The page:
Chicken Development

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Contents

Introduction

Chicken embryo (day 12)
The chicken (taxon -Gallus gallus) embryo develops and hatches in 20 to 21 days and has been extensively used in embryology studies. Historically, the chicken embryo was one of the first embryos studied, readily available and easy to incubate, embryo development can be directly observed by cutting a small window in the egg shell. A key to this model organism study was the establishment of a staging atlas by Hamburger & Hamilton in 1951 [1], which allowed specifc developmental landmarks to be seen and correlated with experimental manipulations of development. This much cited paper included images of all key stages and was more recently republished in the journal Developmental Dynamics (1993), for a new generation of avian researchers. Probably just as important has been the recent chicken genome sequencing, providing a resource to extend our knowledge of this excellent developmental model.

Fertilized eggs can be easily maintained in humidified incubators and during early stages of development the embryo floats on to of the egg yolk that it is using for nutrition. As the embryo grows it sinks into, or below the, yolk. The regular appearance of somites allowed early experimenters to acurately stage the embryo. The embryo was accessible and easy to manipulate (limb grafts/removal etc) that were informative about developmental processes. Chicken cells and tissues (neural ganglia/fragments) are also easy to grow in tissue culture. The discovery that quail cells have a different nuclear appearance meant that transplanted cells (chick/quail chimeras) could be tracked during development. For example, LeDourian's studies showed how neural crest cells migrate widely throughout the embryo.


This collapsible and sortable table compares the chicken incubation period with other bird species.


Chicken Links: Introduction | Chicken stages | Hamburger Hamilton Stages | Witschi Stages | History of the Chick (1883) | Chicken Embryo Development Plates (1900) | Chick Early Embryology (1920) | Category:Chicken

Chicken Stages

Chicken stages - Hamburger & Hamilton staged the chicken embryo in 1951. The original paper had approx 25 citations between 1955 - 59, while in the year 1991 alone there were over 300 citations. Series of Embryonic Chicken Growth. J. Morphology, 88 49 - 92 (1951). Atlas recently republished by J.R. Sanes in Developmental Dynamics 195 229-275 (1993).


The Hamburger Hamilton Stages are most commonly used series for chicken staging. Note that there was also an earlier Witschi staging, an older 1900 Normentafeln zur Entwicklungsgeschichte der Wirbeltiere - Gallus domesticus (Normal Plates of the Development of the Chicken Embryo} by Franz Keibel and Karl Abraham, and an even older (1883) series in The Elements of Embryology by Foster, Balfour, Sedgwick, and Heape.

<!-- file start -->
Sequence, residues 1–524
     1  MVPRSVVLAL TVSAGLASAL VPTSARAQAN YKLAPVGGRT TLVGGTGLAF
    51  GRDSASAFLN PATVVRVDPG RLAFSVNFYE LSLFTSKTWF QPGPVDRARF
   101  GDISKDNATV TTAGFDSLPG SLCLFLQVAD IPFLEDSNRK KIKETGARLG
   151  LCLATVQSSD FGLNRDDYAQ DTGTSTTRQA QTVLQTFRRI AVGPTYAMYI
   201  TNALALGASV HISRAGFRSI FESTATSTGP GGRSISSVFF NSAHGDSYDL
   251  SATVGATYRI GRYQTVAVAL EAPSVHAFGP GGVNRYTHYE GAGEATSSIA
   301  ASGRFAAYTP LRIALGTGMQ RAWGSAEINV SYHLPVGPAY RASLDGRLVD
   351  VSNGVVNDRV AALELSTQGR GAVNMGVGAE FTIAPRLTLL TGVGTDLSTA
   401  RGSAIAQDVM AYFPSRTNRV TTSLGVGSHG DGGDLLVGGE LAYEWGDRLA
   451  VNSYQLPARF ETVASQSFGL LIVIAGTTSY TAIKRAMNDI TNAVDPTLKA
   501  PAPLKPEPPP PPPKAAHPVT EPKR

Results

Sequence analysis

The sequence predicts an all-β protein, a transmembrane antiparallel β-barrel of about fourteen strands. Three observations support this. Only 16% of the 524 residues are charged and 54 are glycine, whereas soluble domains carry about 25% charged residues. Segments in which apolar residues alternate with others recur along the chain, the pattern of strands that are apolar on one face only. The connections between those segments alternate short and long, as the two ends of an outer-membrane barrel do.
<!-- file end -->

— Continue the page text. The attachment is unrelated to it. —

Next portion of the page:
Normal Plates of the Development of the Chicken Embryo (1900)


Links: Chicken Stages | Hamburger Hamilton | Witschi | 1900 | 1883 | PDF Poster- Hamburger Hamilton Stages | 2006 reproduction of the original paper

Some Recent Findings

  • 4D fluorescent imaging of embryonic quail development[2] "Traditionally, our understanding of developmental biology has been based on the fixation and study of embryonic samples. Detailed microscopic scrutiny of static specimens at varying ages allowed for anatomical assessment of tissue development. The advent of confocal and two-photon excitation (2PE) microscopy enables researchers to acquire volumetric images in three dimensions (x, y, and z) plus time (t). Here, we present techniques for acquisition and analysis of three-dimensional (3D) time-lapse data. Both confocal microscopy and 2PE microscopy techniques are used. Data processing for tiled image stitching and time-lapse analysis is also discussed. The development of a transgenic Japanese quail system, as discussed here, has provided an embryonic model that is more easily accessible than mammalian models and more efficient to breed than the classic avian model, the chicken."

Gallus gallus

Taxonomy Id: 9031

Preferred common name: chicken

Rank: species

Genetic code: Translation table 1 (Standard) Mitochondrial genetic code: Translation table 2

Other names: dwarf Leghorn chickens (includes), red jungle fowl (includes), chickens (common name), Gallus domestics (misnomer), Gallus galls domesticus (misnomer)

Lineage (abbreviated ): Eukaryota; Metazoa; Chordata; Craniata; Vertebrata; Archosauria; Aves; Neognathae; Galliformes; Phasianidae; Phasianinae; Gallus

Chicken Movies

Mesoderm migration movie 1 icon.jpg
 ‎‎Mesoderm Move
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Chick Heart 001-icon.jpg
 ‎‎Normal Heart
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Chick Heart 002-icon.jpg
 ‎‎Abnormal Heart 1
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Chick Heart 002-icon.jpg
 ‎‎Abnormal Heart 2
Page | Play
Neural crest migration Chicken Head (movies overview)
Chicken-neural-crest-migration-01.jpg
 ‎‎Neural Crest 1
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Chicken-neural-crest-migration-02.jpg
 ‎‎Neural Crest 2
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Chicken-neural-crest-migration-03.jpg
 ‎‎Neural Crest 3
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Chicken-neural-crest-migration-04.jpg
 ‎‎Neural Crest 4
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Chicken-neural-crest-migration-05.jpg
 ‎‎Neural Crest 5
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Chicken-neural-crest-migration-06.jpg
 ‎‎Neural Crest 6
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Chicken-neural-crest-migration-07.jpg
 ‎‎Neural Crest 7
Page | Play


Links: Movies

Other Chicken Atlases

Vertebrate and Invertebrate Embryos (7th Edition) G.C. Schoenwolf, Prentice Hall, New Jersey

An Atlas of Embryology (1975) W.H. Freeman and B. Bracegirdle, Heinemann Educational Books, UK.

This is an ATLAS (no description of development) , basically reprinted from the original 1963 edition.

Photos with labelled diagrams covering Amphioxus (worm) Frog, Chicken.

An Atlas for Staging Mammalian and Chick Embryos (1987) H. Bultler and B.H. Juurlink, CRC Press Inc., Florida

This ATLAS is not a complete series of development but has interesting comparisons of species.

Mostly photos of embryos with a few drawn diagrams and a series of staging correlation graphs.

Bird Evolution

Birds and Dinosaurs? as quoted in a Curent Biology review "...abundant and ever increasing evidence places birds as one surviving lineage of the diverse clade Dinosauria"[3][4]

Chicken Genomics

The first draft of the chicken genome was publicly released in March, 2004. There are a number of sites that have begun looking into establishing chicken genomics partly due to its powerful history as a model of vertebrate development that is easy to observe, manipulate and is also cheap. (see also NIH Proposal for Chicken Genomics | NCBI Chicken Genome Resources)